Local 802’s Executive Board has approved “special situations” status for the musical Mamma Mia, to be presented at the Winter Garden Theatre. The decision to allow the musical, which is based on the music of the 1970s rock group ABBA, to be presented with less than the minimum required orchestra came after an extensive review of the show’s musical conception and the group’s recordings.
Local 802 received the special situations request from Mamma Mia‘s New York producers in May. In their application, the producers presented the union with original ABBA recordings, the instrumentations used on these recordings, and a copy of the show’s London cast album. They indicated that they wished to do the show with the same nine-member orchestra as was used in London, where the show originated, and in Toronto. The minimum at the Winter Garden is 24.
Under the Broadway contract, producers who wish to present a show with fewer musicians than the theatre minimum must demonstrate that the musical is “of a definable musical genre or of a dramatic approach which necessitates a smaller size orchestra” or that the “show’s concept consists of the re-creation of a pre-existing size band.”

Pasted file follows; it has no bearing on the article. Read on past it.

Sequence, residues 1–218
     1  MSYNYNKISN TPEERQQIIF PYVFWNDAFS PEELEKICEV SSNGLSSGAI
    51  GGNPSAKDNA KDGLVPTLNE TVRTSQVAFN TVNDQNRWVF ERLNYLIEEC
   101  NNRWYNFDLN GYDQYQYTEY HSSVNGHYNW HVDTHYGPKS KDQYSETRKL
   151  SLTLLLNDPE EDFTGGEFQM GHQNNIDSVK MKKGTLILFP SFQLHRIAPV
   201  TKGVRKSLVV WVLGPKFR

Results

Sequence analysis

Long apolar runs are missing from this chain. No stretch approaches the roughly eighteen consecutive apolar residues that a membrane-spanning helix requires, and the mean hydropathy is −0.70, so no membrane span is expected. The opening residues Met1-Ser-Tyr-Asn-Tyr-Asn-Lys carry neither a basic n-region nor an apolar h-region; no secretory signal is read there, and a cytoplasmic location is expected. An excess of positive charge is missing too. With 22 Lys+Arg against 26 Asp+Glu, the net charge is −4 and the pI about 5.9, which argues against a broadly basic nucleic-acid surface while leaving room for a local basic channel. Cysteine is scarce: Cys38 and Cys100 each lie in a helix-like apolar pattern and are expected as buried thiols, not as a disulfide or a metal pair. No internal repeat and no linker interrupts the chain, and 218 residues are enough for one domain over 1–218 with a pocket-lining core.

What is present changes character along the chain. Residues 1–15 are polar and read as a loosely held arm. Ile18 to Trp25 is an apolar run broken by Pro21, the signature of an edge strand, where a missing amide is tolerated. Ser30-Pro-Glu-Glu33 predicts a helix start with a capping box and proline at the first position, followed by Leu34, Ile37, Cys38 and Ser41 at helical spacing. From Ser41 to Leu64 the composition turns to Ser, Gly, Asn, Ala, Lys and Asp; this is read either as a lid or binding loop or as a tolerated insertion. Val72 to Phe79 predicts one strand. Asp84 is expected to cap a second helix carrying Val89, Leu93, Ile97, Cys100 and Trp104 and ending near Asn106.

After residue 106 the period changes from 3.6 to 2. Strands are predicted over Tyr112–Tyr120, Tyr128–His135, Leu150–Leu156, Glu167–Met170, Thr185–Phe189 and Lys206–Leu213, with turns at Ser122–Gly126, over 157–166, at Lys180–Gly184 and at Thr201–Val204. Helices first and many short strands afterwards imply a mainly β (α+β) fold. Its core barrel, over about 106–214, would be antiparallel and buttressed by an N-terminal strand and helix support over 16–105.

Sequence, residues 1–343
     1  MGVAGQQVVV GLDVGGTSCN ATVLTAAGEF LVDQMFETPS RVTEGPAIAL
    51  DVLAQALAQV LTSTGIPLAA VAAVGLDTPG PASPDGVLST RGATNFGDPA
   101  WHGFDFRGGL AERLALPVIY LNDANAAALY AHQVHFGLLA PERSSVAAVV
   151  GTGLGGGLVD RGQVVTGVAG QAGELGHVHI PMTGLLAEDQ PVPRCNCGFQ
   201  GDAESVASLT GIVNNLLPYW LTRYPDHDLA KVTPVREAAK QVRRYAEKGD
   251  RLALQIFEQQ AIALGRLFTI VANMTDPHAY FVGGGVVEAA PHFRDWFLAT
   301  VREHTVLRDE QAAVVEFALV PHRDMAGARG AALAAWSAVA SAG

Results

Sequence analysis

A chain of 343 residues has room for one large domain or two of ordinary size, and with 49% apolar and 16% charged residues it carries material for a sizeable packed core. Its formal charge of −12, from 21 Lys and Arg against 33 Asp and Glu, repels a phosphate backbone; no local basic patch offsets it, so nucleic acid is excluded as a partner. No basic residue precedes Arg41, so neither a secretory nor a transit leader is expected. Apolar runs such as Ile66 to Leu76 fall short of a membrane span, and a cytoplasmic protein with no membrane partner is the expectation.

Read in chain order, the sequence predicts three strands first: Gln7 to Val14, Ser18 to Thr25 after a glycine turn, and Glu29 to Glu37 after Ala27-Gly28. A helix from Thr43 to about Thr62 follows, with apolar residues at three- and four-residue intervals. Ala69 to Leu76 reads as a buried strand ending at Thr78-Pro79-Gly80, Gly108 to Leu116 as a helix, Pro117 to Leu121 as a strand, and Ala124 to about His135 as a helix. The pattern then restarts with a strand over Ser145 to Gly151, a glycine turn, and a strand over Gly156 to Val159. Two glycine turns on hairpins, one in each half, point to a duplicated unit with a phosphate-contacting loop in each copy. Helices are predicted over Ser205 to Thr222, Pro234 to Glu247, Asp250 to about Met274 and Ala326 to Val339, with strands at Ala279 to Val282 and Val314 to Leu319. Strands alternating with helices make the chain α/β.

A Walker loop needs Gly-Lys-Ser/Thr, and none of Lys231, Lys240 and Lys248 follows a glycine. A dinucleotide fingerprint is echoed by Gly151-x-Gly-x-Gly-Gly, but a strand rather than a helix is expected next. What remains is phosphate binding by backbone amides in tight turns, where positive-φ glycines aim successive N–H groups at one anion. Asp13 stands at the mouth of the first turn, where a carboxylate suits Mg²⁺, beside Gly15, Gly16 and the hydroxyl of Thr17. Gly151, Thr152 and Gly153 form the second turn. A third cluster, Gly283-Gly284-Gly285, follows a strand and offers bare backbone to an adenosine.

802 President Bill Moriarity appointed a committee to review the application and make a recommendation to the union’s Executive Board. It was made up of members of both the Executive Board and the Broadway Theatre Committee. The committee was asked to examine all material submitted by the producer and to review the scores prepared for the show.
Following this review, the committee asked that additional research be done in regard to the original ABBA recording sessions. That research uncovered the fact that more musicians had been engaged for the original sessions for four of the show’s 23 ABBA songs than was indicated in the material submitted by the producer, and more than the nine-member orchestra planned for the show. It was nearly impossible, however, to distinguish these additional instruments on the group’s CDs.
While the committee was disturbed by the lack of full disclosure on the part of the producers, they felt that the show met the definition of a “special situation” musical as outlined in the Broadway contract. They recommended that the Executive Board grant special situation status.
Before making a final decision the Executive Board asked President Moriarity to express to the producers the union’s concern about the discrepancies in the information it was provided with. Moriarity subsequently met with the show’s Music Director, who apologized for the mistaken information. He attributed the problem to incomplete recollections of those recording sessions by band members who had provided him with the information.
On Aug. 7, the Executive Board voted to concur with the committee’s recommendation and grant Mamma Mia special situation status.